There is always a part of us, that thinks we can dodge the bullet, and its a brilliant part – even if we are wrong, we need it. We can’t survive without it, Batman personifies that.
You can take it even deeper, Christ is God made flesh. Whether he’s historical or not, it doesn’t matter. The same as Batman is not historical. It makes us feel something. It presses a human button that is very important. – Grant Morrison / Fatman on Batman Podcast
Whether a story is about reality and actual events, or pure fantasy either way the effect is the same, a story makes us feel something.
I agree with Grant Morrison, pushing that button that makes us feel something is important.
A good story usually has characters we care about, drama, conflict, resolution and holds our attention from the beginning until the end.
Films, novels and comic-books can do many things, but the one thing they need to do more than anything else is they have to be entertaining, otherwise we just won’t engage with the story in the first place.
While the quality of various Batman stories is all over the place – for a 75 year old character, he has a surprising amount of good quality material to delve into. Batman has great movies, cartoons, comic books and video games to his name, something few other superheros have achieved.
Even his forerunner Superman is sorely lacking in the modern video game and cartoon department, relegated to JLA and Young Justice appearances and the odd direct to home market animated feature or the obligatory pathetically dull handheld game destined for the wasteland that is the game store bargain bin.
No matter what medium we find Batman in, he is a character that manages to not only remain relevant and interesting, but cool, like upper level Bruce Lee or Elvis cool, the kind of cool that never goes out of style. Batman is basically unkillable.
As a man he is vulnerable, but as an idea, a mythic pop-culture icon that transcends generations of fans – he is immortal. Like his spiritual brothers Sherlock Holmes, Zorro and The Shadow, he refuses to be contained by any one medium, any one incarnation. Batman is a character without limits.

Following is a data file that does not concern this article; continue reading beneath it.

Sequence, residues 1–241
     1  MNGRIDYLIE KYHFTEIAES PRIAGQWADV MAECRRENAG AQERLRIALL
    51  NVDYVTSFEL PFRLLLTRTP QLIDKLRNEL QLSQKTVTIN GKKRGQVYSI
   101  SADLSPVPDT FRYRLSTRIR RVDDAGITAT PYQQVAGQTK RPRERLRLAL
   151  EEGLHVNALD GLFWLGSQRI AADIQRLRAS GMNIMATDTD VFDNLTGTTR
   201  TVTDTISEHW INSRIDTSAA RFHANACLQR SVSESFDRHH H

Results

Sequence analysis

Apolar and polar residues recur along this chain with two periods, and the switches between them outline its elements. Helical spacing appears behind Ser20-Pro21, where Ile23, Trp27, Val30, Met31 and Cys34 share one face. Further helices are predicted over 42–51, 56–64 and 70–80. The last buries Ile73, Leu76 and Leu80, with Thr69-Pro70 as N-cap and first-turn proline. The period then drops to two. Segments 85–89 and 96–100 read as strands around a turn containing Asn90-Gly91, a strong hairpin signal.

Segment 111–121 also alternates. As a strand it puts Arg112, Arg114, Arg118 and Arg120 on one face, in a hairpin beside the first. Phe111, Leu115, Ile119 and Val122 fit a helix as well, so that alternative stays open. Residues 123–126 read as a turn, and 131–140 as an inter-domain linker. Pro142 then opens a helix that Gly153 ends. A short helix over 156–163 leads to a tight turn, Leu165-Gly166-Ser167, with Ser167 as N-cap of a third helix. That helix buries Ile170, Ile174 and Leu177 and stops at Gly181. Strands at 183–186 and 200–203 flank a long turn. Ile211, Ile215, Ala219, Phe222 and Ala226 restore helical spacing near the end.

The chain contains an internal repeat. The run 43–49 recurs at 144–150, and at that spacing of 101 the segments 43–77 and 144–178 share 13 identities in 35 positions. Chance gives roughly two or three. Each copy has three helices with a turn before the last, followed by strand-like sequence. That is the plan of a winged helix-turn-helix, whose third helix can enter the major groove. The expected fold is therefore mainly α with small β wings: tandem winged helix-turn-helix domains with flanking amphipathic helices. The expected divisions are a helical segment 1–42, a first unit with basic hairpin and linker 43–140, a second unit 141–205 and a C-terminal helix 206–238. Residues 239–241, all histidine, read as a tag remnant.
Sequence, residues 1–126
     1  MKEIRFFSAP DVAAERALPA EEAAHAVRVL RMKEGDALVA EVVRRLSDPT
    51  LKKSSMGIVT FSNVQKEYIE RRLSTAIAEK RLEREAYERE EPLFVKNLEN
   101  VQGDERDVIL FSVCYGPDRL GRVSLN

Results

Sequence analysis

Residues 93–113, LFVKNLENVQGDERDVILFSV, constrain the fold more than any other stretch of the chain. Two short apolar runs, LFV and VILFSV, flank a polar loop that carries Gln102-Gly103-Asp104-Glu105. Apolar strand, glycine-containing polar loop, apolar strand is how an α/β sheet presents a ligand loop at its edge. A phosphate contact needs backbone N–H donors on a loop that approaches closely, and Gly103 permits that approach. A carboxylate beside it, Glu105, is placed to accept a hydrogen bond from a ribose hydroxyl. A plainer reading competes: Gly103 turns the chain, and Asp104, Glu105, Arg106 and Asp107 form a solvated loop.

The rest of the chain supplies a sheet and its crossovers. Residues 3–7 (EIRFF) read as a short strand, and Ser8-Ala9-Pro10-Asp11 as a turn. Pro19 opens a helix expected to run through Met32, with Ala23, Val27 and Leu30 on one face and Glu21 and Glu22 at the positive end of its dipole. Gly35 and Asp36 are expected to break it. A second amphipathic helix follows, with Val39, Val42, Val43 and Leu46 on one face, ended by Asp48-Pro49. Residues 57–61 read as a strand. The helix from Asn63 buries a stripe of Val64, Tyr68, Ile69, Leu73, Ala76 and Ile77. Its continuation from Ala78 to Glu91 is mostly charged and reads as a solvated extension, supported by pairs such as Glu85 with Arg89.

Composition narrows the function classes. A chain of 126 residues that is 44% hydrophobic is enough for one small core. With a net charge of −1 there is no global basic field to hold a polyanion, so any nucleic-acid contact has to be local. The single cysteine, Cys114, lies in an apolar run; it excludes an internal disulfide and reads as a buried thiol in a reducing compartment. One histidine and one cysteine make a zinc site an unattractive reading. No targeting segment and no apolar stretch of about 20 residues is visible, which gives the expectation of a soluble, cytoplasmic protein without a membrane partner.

There is something about Batman that attracts unrelenting passionate enthusiasm for the character from fans. From the most hardcore to casual Bat-Fan, the love for the character is consistent amongst the old and young, and people of different races and cultures from around the world. Like Tintin, Astro Boy and Mickey mouse, Batman is loved and celebrated around the world, and that is no easy feat for such a dark character.
Batman’s darkness seems to be part of his enduring appeal. His traumatic childhood makes him a sympathetic character from the beginning, his lack of super-powers makes him more relatable. Every fan thinks, maybe, well… you know – just maybe …if you have enough money, time and training you could be Batman. Until you get shot and stabbed in your first week like Dave in Kick-Ass.
But the fantasy is appealing. It doesn’t matter that it is bullshit. In Batman’s world, he CAN dodge bullets. He can jump a little further and make the impossible ordinary. In a comic book world who is to say gravity is not a little different, and human bodies are not more robust? There is no way to disprove it and anyone who would try just doesn’t get the fun appeal of comics.
What evidence do we have that Batman can dodge bullets? The fact that he does it on a weekly basis. We know it is impossible, and a bit silly. But that doesn’t matter, the fact that Batman can dodge bullets is just damn cool, and that he can run around in the best super-hero costume ever designed without getting heat exhaustion in the summer, or frost bite in the winter, and his mask never slips sideways when he gets sweaty making him temporarily blind – none of that matters.
That Batman’s joints should be shot to hell in a handbasket, and his his scar tissue so numerous that he should barely be able to move, let alone run jump and punch crime in the face just somehow makes him more appealing, rather than silly. Comics are full of dumb silly ideas, but we look the other way, because – hey- we all enjoy a good story.
You give Batman the benefit of the doubt, because he is Batman and he has it all figured out. If we went into his world he would probably tell you he engineered the texture of the cowl to be non-slip while somehow still breathable, all while allowing him wireless tele-communications, night vision and creepy fake white eyes to freak out criminals.